Not only does Linton’s treatment significantly reduce the number of potentially harmful pathogens growing on strawberries, it also extends their shelf life without sacrificing quality attributes such as color and taste. "The berries last a lot longer after this treatment-in fact, we’ve had strawberries in the refrigerator for more than six weeks with no mold growth," Linton said. "If this process can give consumers even one or two more days before the strawberries they buy get fuzzy, that’s huge. Think about it - how many strawberries do you have to throw away in a pint? If we could reduce that number, it would be a great advantage for consumers and the industry."

The two methods Linton used differ in the way the berries are exposed to the chlorine dioxide. In a batch system, the strawberries are placed in a sealed container, and a set amount of chlorine dioxide gas is applied once and then allowed to remain in the chamber for a period of time. Continuous treatment involves constant delivery of gas into the chamber over time.

Batch treatment required higher concentrations of chlorine dioxide treatment for longer amounts of time than continuous treatment, but both methods achieved more than a 5-log reduction in pathogens, Linton said. He found that either 30 minutes of batch treatment, or 10 minutes of continuous treatment, produced effective levels of decontamination.

Linton’s team currently has funding through the United States Department of Agriculture to scale up this technology and further develop it for use by the food industry. "We see this technology as a potential intervention for security applied to our food system," Linton said. "It may be possible to develop this technology so that we can begin decontaminating produce while it’s in transit. "Much of our produce comes from other countries where we may have less control over sanitary practices in the field. If we could use technology like this to seal up produce and treat it as it travels from point A to point B, it’s a great application for protection of our nation’s food supply."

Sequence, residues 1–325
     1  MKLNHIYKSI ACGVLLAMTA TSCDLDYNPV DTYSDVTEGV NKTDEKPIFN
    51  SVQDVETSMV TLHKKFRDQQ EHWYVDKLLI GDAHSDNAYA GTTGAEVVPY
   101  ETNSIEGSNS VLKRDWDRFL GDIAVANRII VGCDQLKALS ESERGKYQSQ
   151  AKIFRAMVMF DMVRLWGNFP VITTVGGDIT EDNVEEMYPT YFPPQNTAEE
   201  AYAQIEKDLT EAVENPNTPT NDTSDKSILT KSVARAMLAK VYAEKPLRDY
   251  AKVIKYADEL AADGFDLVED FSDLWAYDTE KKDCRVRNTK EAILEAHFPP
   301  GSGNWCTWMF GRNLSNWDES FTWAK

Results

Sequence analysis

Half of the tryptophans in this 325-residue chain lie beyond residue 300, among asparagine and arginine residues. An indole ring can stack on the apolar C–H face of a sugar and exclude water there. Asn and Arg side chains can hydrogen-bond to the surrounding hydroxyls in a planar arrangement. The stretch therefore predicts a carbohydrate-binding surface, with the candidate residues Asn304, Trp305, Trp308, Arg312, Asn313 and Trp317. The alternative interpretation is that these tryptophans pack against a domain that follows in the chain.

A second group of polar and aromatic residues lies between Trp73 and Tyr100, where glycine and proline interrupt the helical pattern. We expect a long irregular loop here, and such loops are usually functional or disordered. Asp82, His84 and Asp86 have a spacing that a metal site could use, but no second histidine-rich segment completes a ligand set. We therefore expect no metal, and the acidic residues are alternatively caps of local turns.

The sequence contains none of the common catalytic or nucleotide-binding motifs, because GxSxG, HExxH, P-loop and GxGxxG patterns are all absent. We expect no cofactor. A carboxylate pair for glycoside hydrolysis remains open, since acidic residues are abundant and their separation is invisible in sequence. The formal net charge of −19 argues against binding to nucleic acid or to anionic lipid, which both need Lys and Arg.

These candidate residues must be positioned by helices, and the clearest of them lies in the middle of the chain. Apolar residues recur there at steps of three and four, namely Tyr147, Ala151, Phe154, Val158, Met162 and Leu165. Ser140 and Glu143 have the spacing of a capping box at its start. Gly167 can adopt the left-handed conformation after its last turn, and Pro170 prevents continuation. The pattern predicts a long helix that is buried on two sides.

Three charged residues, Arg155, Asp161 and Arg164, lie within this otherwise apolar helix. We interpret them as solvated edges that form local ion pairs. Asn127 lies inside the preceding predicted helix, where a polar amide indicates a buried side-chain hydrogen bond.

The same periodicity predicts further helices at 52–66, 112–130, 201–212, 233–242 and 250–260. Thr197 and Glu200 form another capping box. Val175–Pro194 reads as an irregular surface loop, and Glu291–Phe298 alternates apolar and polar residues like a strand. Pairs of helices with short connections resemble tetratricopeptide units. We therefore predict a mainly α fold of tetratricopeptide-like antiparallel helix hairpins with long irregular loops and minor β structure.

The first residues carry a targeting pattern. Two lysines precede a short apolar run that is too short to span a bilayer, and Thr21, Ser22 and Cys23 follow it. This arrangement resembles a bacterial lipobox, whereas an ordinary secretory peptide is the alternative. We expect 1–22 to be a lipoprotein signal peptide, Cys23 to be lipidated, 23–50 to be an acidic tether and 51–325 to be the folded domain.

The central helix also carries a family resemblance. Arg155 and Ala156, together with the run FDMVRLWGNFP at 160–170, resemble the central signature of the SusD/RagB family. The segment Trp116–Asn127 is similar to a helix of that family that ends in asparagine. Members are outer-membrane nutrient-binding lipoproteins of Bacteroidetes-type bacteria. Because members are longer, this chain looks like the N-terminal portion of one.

Also participating in this research were Yingchan Han, post-doctoral research associate; Travis Selby and Krista Schultze, graduate students in the Department of Food Science; and Phil Nelson, professor of food science. The U.S. Department of Agriculture Cooperative State esearch and Extension Service and the Food and Drug Administration provided funding for this work.

| newswise
Further information:
http://www.purdue.edu

More articles from Life Sciences:

nachricht New risk factors for anxiety disorders
24.02.2017 | Julius-Maximilians-Universität Würzburg

nachricht Stingless bees have their nests protected by soldiers
24.02.2017 | Johannes Gutenberg-Universität Mainz

All articles from Life Sciences >>>

The most recent press releases about innovation >>>